Proof of AAA National Championship - 1905

This article is a huge find for American auto racing historians. It is evidence that the first auto racing national championship awarded through a points system occurred in 1905. This is significant as there has been a long running debate about when the first national championship actually occurred. The reason for the confusion was some revisionist history created by certain AAA officials in the 1920's and again in the 1950's. Their approach was to award championships years afterwards by applying the points system of their times to the results of races they determined should have been included in a national championship schedule. Interesting speculation, but not a justification for asserting that particular drivers were national champions even though there was no such prize during their racing careers. There is clear evidence that from 1909 through 1919 - the years in dispute - only one season had an official points awarded national championship and that was 1916. In other years during this era a trade publication announced their selection of a champion, but all of this was very informal and fairly subjective. While the 1905 national championship was the first awarded by a points system, it is fair to distinguish it from what occurred in 1916. The 1905 championship was for sprint races of five to 10 miles held exclusively on dirt horsetracks. It is more accurate to compare that with sprint or midget championships in later years. The 1916 championship was more recognizable as a major championship by today's standards and included long distance events across a variety of venues, such as the vast road courses for the Vanderbilt Cup and the American Grand Prize as well as the state-of-the-art giant brick-paved Indianapolis Motor Speedway. This article appeared in Horseless Age on May 24, 1905.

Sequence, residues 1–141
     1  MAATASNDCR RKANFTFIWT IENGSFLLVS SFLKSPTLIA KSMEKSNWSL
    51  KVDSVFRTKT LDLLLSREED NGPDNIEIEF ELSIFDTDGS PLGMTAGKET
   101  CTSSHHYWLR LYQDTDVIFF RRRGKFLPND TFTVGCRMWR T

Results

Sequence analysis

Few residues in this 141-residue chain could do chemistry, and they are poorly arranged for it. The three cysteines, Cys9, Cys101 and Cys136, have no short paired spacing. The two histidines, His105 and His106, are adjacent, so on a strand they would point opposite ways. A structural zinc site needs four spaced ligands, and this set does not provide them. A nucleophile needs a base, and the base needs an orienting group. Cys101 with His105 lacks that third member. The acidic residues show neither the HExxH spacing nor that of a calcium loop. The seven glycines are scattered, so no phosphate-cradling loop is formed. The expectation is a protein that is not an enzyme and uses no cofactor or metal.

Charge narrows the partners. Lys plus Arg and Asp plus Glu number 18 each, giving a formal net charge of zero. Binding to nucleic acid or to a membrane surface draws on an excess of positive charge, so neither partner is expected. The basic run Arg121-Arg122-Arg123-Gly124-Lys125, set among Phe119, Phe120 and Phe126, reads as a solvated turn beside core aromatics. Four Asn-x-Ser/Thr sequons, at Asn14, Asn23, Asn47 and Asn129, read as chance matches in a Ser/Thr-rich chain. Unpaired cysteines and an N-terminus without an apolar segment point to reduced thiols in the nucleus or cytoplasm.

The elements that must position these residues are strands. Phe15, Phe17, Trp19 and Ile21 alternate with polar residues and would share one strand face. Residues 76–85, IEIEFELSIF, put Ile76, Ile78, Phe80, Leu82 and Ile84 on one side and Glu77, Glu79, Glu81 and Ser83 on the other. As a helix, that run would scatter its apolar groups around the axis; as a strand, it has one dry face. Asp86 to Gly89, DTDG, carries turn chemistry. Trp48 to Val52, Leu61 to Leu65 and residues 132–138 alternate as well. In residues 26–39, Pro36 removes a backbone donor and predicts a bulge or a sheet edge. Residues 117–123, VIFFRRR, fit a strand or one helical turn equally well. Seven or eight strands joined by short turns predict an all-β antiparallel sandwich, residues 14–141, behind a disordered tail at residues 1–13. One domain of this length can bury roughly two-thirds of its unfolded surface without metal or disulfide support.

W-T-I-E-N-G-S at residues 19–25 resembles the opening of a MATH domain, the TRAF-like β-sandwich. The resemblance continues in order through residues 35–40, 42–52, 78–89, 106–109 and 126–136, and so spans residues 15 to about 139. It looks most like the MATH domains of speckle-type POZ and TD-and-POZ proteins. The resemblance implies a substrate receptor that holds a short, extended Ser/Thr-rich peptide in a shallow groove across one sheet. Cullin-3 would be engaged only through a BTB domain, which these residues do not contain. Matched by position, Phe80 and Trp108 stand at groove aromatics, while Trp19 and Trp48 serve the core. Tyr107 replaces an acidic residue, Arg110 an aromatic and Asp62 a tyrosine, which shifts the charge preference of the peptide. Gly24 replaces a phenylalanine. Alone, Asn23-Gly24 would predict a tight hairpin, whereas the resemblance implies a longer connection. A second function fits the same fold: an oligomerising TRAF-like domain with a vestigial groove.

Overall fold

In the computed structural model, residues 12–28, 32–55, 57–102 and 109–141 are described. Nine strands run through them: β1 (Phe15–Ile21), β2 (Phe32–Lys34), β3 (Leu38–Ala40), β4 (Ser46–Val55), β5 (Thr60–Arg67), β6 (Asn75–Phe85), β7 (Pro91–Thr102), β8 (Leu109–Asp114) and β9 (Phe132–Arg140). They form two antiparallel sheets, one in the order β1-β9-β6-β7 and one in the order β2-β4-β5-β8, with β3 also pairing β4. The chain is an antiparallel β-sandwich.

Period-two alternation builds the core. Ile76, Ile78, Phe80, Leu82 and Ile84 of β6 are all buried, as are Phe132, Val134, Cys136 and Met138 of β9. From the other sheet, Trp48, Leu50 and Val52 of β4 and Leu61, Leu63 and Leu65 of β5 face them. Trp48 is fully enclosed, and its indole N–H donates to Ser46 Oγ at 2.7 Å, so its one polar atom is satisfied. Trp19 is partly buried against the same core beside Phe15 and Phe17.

National Points Championship May 24 1905.pdf1.87 MB